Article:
From the Goucher Quarterly, Summer/Fall 2013

This essay is drawn from the address given by President Sanford J. Ungar at Goucher’s Commencement on May 24, 2013.

This was a challenging year in many respects—in the larger world, as well as here inside the Goucher bubble. It remained very difficult for a college like ours to escape the impact of national and global economic turmoil, and for many Goucher families to climb out of the Great Recession. Sadly, today’s national political environment sets a poor example for young Americans who would like to help solve the serious problems they see around them. Fortunately, this community has great resilience and strength; we keep talking and re-examining our processes until we achieve new levels of harmony and understanding.

One challenge we all face is the unrelenting attack— there is no other word for it—on liberal arts education. People who should know better are proclaiming that only certain majors are worthwhile, because they allegedly lead directly to high-paying jobs. The governor of Florida, I’m told, commented that he wanted to shift funding away from majors that didn’t directly lead to jobs in science or technology. “Is it a vital interest of the state to have more anthropologists? I don’t think so,” he said. That’s the equivalent of political slapstick, but I also heard one distinguished researcher and social commentator on the radio the other day lamenting the state of things. How, she asked, can we persuade these young people today not to focus on such irrelevant subjects as history and philosophy?

Well, we have an answer at Goucher College. We should not, and we will not, try to tell our students to narrow their scope to allegedly marketable skills as defined by politicians and efficiency experts. Of course, there is a great need for reform in American higher education—and costs must be brought under control—but we know, and the students who graduated in May well know, the importance of learning how to understand and solve problems in a broad range of disciplines in the natural sciences, the humanities, and the social sciences. We will continue to teach our students how to read carefully, think critically, write clearly, speak articulately, and devote themselves to an understanding of the human condition and how to improve it. We will remain dedicated to the idea that a liberal education in the arts and sciences is best career education of all, and we will help our remarkable students launch their lifetime of learning.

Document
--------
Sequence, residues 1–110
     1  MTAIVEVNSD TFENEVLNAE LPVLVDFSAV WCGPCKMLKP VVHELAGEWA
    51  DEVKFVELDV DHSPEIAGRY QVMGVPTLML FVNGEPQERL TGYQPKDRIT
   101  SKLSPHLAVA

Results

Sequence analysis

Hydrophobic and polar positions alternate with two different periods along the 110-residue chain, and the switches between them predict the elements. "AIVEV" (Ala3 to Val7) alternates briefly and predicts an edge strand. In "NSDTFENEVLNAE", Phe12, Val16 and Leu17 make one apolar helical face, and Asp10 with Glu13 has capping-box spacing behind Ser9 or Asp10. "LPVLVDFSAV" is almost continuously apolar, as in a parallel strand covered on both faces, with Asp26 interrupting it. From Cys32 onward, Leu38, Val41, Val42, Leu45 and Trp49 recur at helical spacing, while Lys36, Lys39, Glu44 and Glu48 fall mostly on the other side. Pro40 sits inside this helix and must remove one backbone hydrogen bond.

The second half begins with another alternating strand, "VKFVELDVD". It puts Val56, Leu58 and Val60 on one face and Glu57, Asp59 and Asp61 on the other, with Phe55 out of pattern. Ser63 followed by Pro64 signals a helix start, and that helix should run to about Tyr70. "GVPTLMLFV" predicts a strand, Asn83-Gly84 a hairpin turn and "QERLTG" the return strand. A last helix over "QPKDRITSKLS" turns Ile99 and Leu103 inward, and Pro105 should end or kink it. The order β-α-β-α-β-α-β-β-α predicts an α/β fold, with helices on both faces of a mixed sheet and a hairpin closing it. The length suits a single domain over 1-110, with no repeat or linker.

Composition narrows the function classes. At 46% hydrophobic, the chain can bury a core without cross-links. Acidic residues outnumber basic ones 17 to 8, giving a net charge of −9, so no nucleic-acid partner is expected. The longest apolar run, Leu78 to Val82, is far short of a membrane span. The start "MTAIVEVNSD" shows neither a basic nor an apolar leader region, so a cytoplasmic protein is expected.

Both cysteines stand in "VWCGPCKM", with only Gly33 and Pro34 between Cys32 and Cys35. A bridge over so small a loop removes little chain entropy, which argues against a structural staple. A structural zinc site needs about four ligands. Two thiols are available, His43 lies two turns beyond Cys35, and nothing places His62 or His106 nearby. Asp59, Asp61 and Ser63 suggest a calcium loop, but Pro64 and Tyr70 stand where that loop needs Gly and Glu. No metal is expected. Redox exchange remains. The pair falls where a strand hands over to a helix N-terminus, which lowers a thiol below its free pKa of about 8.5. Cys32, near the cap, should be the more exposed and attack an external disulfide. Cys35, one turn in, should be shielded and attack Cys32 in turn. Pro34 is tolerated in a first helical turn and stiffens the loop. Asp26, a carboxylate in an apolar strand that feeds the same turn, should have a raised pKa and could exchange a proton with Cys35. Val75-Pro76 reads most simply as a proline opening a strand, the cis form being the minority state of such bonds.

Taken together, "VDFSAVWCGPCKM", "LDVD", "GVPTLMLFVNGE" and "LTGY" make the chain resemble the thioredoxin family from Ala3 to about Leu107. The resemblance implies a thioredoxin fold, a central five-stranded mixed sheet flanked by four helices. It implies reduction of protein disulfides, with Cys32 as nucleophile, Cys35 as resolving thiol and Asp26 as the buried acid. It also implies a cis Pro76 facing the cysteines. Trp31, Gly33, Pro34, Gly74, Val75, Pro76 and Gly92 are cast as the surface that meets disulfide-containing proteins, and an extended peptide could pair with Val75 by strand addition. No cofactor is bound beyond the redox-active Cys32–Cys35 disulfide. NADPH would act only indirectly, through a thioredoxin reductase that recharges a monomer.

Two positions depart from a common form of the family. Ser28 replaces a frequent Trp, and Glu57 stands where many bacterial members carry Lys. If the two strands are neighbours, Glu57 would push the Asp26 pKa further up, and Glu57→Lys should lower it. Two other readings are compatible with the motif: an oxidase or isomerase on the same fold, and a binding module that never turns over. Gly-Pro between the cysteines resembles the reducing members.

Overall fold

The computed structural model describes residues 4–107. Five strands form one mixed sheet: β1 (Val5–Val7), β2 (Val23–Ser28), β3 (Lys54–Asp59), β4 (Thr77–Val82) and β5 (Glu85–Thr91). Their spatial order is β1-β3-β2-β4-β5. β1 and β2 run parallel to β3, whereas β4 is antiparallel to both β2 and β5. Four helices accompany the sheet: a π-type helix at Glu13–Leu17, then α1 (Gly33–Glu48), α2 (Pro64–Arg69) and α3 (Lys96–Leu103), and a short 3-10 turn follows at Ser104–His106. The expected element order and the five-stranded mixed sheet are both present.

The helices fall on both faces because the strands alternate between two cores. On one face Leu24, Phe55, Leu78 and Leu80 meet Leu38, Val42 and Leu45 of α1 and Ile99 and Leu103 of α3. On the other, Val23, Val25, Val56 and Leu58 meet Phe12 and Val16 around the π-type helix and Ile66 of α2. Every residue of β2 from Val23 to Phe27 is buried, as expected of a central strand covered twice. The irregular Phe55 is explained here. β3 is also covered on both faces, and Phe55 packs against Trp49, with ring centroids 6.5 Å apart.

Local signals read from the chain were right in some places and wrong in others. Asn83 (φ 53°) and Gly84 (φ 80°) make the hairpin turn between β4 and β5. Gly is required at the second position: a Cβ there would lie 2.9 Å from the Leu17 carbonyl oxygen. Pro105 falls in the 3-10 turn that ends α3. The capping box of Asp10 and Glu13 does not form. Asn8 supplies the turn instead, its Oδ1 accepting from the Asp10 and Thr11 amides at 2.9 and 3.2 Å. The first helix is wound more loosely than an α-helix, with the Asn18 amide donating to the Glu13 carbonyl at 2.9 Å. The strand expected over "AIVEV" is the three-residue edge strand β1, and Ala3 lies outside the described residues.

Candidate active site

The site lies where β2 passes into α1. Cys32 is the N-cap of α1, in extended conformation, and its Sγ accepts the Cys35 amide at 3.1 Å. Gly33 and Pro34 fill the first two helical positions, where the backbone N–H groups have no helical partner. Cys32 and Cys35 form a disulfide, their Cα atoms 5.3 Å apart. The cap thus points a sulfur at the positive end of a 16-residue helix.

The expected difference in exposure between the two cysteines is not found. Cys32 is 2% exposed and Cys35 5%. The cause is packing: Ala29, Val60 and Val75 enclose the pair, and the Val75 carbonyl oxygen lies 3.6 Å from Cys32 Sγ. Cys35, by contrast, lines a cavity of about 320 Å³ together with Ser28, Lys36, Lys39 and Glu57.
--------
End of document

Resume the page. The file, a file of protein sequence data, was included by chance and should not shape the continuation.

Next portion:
We will, above all, continue to transcend boundaries. Let me tell you a bit about this graduating class: The 329 students in the Class of 2013 participated in 388 unique study-abroad experiences in 60 different countries. Our participation rate in international education sits at 118 percent—18 percent of our students go abroad more than once—while the national average is still under five percent. In this class, 50 students studied abroad twice; three studied abroad three times; and one, incredibly, studied abroad five times, in five different places!

Here is a partial list of what Goucher students from the Class of 2013 have done: studied post-genocide restoration and peace-building in Rwanda; taught in rural and township schools in South Africa; organized a major international performing arts festival for the Theatre of the Oppressed in Paris; learned about biodiversity on Bioko Island in Equatorial Guinea; photographed the Tour de France bicycle race for the French government; studied at the American University of Central Asia in Bishkek, Kyrgyzstan; performed in dance productions in Arezzo, Italy; worked with a women’s empowerment center in Rabat, Morocco; taught English as management in Tanzania; enhanced their artist portfolios in Glasgow, Scotland; interned in Santiago, Chile, for the United Nations Economic Commission for Latin America and the Caribbean; worked for the Tianjin Institute of Children’s Welfare in Tianjin, China; interned at the Louvre and other museums in Paris; worked to establish a music program in the village of El Rosario, Honduras; and interned at the Department of Social Welfare in Cape Coast, Ghana.

And what are they going to do when they leave this place? Again, just a partial list: They will study chemical biology at Harvard; journalism at Columbia University; art history at Oxford; international relations at the University of California, Santa Cruz; conflict, security, and development at the University of Bradford in Yorkshire, England; experimental physics at the University of Wisconsin; global public health at Boston University; information science at the Pratt Institute in New York; and pure mathematics at Brandeis University.

They will become doctors and lawyers, dentists and pharmacists. They will teach English in Japan and track the movements and development of hyenas in Kenya. Six of them will work for Teach for America—in Eastern North Carolina, southern Louisiana, New Mexico, Detroit, Nashville, Baltimore, and the Mississippi Delta. Others will become involved in local or national politics, make music, dance, or act. They may not know how to make widgets, as some would have them do, but they are prepared to work to improve this community, this country, and the world.

I am immensely proud to have been associated with all these students during their time here—as are the Goucher faculty and staff—and we have learned as much from them as they have from us. To quote the student speaker at this year’s Baccalaureate ceremony, “They are ready to step courageously into the unknown, well fostered by their experiences together.”